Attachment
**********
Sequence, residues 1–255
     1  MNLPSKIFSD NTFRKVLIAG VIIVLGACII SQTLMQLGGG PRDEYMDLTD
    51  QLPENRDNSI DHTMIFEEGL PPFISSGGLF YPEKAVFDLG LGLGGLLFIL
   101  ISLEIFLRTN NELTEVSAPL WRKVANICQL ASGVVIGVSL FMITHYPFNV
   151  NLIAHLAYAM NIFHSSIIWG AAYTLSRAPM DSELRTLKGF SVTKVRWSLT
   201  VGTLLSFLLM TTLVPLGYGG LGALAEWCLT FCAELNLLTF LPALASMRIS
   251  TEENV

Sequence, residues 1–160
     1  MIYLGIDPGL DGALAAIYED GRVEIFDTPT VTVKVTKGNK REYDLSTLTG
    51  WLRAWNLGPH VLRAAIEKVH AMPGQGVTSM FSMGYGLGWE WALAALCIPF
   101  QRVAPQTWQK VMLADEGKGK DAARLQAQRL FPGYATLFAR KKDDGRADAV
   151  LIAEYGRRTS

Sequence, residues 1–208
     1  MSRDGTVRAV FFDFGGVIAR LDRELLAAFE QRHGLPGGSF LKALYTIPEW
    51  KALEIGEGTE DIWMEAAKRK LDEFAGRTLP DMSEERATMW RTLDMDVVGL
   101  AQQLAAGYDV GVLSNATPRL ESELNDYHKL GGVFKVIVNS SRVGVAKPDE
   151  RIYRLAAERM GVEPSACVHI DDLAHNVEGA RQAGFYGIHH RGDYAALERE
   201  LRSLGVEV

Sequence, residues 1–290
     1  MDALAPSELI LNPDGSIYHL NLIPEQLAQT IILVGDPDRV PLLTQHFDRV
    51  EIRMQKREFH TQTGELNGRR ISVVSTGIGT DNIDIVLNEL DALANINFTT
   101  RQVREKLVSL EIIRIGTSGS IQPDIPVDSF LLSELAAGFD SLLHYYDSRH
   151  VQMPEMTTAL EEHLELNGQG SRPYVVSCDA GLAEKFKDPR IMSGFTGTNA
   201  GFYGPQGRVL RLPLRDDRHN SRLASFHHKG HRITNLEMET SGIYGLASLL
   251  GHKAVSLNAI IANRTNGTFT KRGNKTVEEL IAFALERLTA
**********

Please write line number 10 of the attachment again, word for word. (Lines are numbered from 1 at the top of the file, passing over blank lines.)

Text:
    51  WLRAWNLGPH VLRAAIEKVH AMPGQGVTSM FSMGYGLGWE WALAALCIPF